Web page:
Home » Cinema » The Hangover Part III

The Hangover Part III

Go on, share this!Share on FacebookTweet about this on TwitterEmail this to someoneShare on Google+Pin on Pinterest

You only need to have seen one “Hangover” film to know the formula of this series: Bachelor party. Memory loss. Retrace steps of crazy drunken night. Solve a mystery like some sort of frat version of the Scooby gang. But in this third (and potentially final) film by director Todd Phillips, the story manages to both re-tread old steps and mix up the formula. This time there is no bachelor party. No memory loss, and no crazy drunken night. There is however, a mystery to solve, and more importantly, there is Vegas.

The film opens with a series of occurrences that are both disturbing and hilarious, and a little disturbing that you find it hilarious. Alan (Zach Galifianakis) is on a downward spiral after going off his meds: an unfortunate giraffe incident and deteriorating relationships with his family lead to an intervention by his old wolf pack, Phil (Bradley Cooper), Stu (Ed Helms) and Doug (Justin Bartha). They take him on the road to go to a treatment facility in Arizona, but while Alan does receive treatment throughout the film, needless to say, this facility, located right near Vegas, is never seen.

The wolf pack is threatened by mobster Marshall (John Goodman) before they can even enjoy the nineties nostalgia road trip mix tape, and events transpire that finds Doug being taken hostage, and the rest of the team on the hunt for prison escapee Mr Chow (Ken Jeong).

I’m not spending too much time on plot here, because a) you don’t watch a ”Hangover” movie for the plot, and b) the random things that happen to these characters is the film’s entire appeal and I don’t want to spoil it. I was relieved this film isn’t a carbon copy of the first two, even if it does come full circle and many familiar characters and locations are revisited.

The music is pitch perfect, catchy, and maintains energy to the film as their journey takes them from LA to Mexico to Vegas. The characters are still charming, have great chemistry and Goodman is a great addition as the new bad guy. Caesar’s rooftop is revisited in a particularly inspired fashion that I hope doesn’t result in copycat attempts in real life, and Melissa McCarthy’s pawn shop owner is also a highlight.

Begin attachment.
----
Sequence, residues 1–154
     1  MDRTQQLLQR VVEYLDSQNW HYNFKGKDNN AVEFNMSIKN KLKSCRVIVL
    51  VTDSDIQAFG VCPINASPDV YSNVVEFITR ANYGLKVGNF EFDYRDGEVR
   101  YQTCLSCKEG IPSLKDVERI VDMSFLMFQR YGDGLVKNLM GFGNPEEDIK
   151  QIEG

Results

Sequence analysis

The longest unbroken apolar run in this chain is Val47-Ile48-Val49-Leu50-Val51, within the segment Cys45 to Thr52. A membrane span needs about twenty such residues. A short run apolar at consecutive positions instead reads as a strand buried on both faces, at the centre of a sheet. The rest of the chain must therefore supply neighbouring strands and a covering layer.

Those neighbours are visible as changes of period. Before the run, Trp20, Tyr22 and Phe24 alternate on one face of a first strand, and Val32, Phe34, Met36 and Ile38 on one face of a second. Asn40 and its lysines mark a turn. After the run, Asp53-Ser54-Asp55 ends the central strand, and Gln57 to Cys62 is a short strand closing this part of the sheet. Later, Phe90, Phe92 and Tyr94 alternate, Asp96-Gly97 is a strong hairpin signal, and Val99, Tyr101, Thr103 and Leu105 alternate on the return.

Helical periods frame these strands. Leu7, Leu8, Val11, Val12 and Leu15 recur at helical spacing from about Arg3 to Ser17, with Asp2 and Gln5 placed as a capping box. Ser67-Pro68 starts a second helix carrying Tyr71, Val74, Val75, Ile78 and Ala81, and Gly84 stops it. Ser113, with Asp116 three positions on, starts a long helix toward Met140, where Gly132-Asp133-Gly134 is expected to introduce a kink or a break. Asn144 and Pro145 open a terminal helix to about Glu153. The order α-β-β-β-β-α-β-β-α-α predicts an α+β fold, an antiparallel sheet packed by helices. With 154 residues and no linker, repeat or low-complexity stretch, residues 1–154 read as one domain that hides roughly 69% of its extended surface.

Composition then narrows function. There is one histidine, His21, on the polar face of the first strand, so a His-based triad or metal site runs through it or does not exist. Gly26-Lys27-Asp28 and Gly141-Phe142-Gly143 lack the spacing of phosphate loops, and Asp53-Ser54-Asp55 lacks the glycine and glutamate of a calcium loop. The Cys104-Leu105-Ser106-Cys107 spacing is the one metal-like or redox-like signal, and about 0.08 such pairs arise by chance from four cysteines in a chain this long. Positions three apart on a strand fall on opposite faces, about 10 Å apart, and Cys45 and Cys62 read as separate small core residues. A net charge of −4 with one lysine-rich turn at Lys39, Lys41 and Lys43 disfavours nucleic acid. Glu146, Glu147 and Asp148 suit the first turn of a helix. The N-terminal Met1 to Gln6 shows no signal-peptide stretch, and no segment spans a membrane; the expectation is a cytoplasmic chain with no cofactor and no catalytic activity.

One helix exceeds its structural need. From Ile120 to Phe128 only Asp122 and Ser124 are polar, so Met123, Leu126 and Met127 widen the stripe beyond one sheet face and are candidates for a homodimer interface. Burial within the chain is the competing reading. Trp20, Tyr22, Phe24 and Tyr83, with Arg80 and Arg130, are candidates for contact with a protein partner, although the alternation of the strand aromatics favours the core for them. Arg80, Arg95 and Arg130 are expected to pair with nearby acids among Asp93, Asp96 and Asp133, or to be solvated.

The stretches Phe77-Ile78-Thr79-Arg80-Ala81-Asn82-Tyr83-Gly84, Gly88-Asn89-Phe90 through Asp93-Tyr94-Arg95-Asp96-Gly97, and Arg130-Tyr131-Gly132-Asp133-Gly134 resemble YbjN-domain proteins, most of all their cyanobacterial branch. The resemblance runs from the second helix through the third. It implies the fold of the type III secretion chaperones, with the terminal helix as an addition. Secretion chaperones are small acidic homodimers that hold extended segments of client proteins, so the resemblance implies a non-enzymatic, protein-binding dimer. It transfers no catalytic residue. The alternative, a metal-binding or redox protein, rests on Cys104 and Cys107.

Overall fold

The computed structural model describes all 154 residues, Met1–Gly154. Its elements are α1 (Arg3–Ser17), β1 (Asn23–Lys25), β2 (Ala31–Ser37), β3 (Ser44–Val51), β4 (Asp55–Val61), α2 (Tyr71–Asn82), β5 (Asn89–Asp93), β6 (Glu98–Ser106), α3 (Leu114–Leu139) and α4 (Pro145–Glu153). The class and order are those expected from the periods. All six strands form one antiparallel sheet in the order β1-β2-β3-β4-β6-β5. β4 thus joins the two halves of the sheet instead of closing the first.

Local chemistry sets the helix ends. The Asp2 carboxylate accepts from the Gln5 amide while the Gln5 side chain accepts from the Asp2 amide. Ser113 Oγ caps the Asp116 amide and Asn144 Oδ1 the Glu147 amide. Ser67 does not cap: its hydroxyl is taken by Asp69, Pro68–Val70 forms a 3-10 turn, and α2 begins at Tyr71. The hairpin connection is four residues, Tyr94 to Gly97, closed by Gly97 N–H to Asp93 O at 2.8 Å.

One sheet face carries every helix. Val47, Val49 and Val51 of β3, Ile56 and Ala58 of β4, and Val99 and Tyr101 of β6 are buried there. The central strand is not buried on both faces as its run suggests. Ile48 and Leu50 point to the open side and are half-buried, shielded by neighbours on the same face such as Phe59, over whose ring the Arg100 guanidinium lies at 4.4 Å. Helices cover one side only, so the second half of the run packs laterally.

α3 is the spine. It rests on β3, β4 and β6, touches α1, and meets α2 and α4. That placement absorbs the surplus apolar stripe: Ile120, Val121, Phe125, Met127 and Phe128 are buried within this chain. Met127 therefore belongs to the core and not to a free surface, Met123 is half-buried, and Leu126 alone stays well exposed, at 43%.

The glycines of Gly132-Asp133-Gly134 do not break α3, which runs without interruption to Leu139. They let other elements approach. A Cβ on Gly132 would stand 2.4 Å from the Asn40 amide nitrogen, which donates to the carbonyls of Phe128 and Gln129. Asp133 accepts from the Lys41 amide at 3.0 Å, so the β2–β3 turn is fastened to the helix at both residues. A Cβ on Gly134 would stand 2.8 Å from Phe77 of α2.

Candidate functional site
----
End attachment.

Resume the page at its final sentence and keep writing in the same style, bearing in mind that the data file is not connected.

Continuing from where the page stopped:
But like most franchises squeezing out sequel dollars, the first ”Hangover” film remains the best. Fresh and consistently funny, it hadn’t yet settled into a rhythm that is now familiar. The jokes don’t always land here and there is nothing that Mr Chow can do that will really surprise us, although he gives it his best shot, and sure knows how to jump off a balcony. The films have never been particularly female friendly, consistently failing the Bechdel Test for women in film, and while this one sees the return of Heather Graham, she is vastly underused and her character remains one dimensional. When a film can spend so much time redeeming someone that drugs his friends, is rude to his parents, and has little regard for human (or animal) life, surely they can develop more female characters than ones defined purely by their relationship to men – ‘wife’, ’love interest’ and ‘prostitute’. But then this is essentially a frat film, so I’m not sure what I was expecting.

While not the pick of the bunch, if you’re heading to the cinema for some laughs, you will find that here. The film looks amazing and sounds good, and is a fitting end to the journey of the wolf pack. We hope. Although do stay until after the credits. There had to be some drinking somewhere…

Go on, share this!Share on FacebookTweet about this on TwitterEmail this to someoneShare on Google+Pin on Pinterest

About Mandy Griffiths

One of Moviehole's longest-serving contributors, Mandy has worked her way up the ladder from contributor to Australian co-editor.
A self-confessed geek, Mandy loves everything "Star Wars", "Harry Potter", "Veronica Mars" and Tim Riggins.

View All Posts

Your Name (required)

Your Email (required)

Subject

Your Message

Tags

Login

Lost your password?